With the North American green building sector moving into the mainstream, conventional design and construction practices are quickly becoming synonymous with green ideals.
According to the recent Green Building Market Barometer report by US construction company Turner Construction Co., while green building is on the rise, particularly among businesses, interest in the US Green Building Council’s formal Leadership in Energy and Energy Design (LEED) is down.
The report surveyed approximately 700 industry professionals on their green building views and found that, while motivations such as doing ‘the right thing’ and cutting costs offered incentives to follow green design, development and running practices, they were not enough to incite them to garner LEED certification.
According to the recorded statistics, the percentage of executives looking to gain LEED certification for their business has fallen from the 61 per cent saying they were ‘very likely’ or ‘extremely likely’ to do so in 2008 to 48 per cent making the same claims now.
Turner Construction vice president and chief sustainability officer Michael Deane said the shift away from LEED certification centres on a newfound confidence in the sector, with businesses relying on their own standards and catering to their own unique criteria first.
“We’ve seen from our own work and the continuing growth of the green building market that in spite of this reduction in enthusiasm for LEED certification, respondents are still building green,” he said. “While some respondents are relying on their own standards or are considering another rating system, LEED certification remains the most widely used third party verification of achievement that is recognized by consumers and that can be used to market and promote a property.”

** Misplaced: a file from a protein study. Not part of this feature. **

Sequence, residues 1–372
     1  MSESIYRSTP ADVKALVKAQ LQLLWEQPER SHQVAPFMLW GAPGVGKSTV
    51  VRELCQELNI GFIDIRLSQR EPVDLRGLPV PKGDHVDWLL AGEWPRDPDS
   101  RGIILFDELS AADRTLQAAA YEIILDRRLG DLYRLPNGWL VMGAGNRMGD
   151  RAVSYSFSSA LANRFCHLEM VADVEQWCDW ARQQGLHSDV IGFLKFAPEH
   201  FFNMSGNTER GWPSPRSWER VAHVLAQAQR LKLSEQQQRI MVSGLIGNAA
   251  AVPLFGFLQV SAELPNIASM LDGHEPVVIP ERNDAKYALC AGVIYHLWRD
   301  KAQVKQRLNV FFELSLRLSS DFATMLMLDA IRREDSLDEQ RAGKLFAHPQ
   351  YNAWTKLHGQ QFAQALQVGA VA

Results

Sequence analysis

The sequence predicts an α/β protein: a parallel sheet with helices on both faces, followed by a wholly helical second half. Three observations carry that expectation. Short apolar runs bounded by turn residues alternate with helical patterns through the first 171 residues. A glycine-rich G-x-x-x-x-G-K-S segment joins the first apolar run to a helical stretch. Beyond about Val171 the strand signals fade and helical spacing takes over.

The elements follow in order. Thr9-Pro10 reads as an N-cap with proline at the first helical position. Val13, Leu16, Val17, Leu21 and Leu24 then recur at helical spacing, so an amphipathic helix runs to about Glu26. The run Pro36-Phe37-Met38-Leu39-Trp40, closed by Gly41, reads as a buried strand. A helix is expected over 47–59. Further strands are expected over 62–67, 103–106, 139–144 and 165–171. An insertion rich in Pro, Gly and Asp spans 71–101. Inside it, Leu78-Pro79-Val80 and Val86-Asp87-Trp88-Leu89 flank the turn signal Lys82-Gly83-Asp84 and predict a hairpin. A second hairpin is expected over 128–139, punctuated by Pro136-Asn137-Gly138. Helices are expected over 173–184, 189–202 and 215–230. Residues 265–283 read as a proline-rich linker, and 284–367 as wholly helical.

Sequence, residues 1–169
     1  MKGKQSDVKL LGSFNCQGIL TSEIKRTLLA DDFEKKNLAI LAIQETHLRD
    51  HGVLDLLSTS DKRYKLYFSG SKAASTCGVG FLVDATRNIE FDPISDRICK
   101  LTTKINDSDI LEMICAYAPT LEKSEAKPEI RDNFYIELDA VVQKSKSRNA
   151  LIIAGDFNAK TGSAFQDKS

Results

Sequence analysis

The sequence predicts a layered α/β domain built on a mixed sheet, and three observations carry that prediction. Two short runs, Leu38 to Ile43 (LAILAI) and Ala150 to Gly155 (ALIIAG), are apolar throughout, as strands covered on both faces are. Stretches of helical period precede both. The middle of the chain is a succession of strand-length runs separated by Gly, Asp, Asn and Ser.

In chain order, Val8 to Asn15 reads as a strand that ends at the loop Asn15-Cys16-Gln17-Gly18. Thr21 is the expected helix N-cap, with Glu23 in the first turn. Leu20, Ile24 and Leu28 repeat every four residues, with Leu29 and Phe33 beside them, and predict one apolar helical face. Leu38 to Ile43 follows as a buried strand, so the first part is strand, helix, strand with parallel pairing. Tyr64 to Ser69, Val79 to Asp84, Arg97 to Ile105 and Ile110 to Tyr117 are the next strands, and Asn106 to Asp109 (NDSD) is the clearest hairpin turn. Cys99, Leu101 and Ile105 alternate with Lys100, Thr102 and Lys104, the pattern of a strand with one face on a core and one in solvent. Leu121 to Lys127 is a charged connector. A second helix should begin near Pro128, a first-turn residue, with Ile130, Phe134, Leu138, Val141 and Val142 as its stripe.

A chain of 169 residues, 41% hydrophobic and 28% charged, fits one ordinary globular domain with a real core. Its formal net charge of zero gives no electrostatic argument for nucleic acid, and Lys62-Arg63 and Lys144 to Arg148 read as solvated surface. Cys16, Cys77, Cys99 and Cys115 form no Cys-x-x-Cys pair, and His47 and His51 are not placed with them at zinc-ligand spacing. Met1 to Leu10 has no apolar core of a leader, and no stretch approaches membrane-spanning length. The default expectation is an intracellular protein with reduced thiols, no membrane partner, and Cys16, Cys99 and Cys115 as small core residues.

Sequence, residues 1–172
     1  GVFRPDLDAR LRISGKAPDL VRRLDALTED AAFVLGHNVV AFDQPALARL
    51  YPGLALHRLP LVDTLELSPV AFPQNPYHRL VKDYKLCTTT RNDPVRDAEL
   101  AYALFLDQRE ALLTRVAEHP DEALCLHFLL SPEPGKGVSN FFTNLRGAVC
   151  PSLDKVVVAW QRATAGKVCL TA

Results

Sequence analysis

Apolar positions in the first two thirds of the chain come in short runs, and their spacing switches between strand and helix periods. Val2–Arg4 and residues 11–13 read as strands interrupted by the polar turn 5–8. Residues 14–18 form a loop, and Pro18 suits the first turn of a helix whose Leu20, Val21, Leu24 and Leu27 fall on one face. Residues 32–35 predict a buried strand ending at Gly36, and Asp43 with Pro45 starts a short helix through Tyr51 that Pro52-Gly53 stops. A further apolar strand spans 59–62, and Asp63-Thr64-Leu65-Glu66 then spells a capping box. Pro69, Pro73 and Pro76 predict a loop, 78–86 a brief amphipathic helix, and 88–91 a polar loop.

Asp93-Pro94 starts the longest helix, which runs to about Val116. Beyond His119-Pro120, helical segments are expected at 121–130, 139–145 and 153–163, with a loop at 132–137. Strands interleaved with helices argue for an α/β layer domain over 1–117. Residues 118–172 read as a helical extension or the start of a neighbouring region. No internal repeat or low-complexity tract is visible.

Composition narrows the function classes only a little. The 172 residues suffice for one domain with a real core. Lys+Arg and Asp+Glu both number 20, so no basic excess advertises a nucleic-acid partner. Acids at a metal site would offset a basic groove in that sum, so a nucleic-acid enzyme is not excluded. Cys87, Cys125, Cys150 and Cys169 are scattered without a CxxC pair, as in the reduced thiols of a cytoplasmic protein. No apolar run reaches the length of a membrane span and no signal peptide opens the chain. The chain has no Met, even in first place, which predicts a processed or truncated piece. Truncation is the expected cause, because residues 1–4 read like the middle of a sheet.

Though many executives understand that green building is the right thing to do, they are more motivated in practice by economic rather than environmental factors, as exemplified by a focus on energy reduction measures rather than water conservation.
“Energy efficiency figures prominently in the decision-making process of green building primarily because of its large economic impact,” Deane said. “Water efficiency in Green construction was seen as less important. This is in spite of a growing awareness that water is a finite resource, both in its operational use and its role in the production of goods and materials. While the direct economic impact of water efficiency is less than the savings on energy, its environmental impact is quite significant.”
It stands to reason also, that the costs associated with LEED certification to detract from the US green building authority rating. So while green building continues to boom, the sway of the LEED title fails to impress as it once did, with businesses moving beyond recognition as a motivator, to truly finding value in these green building practices.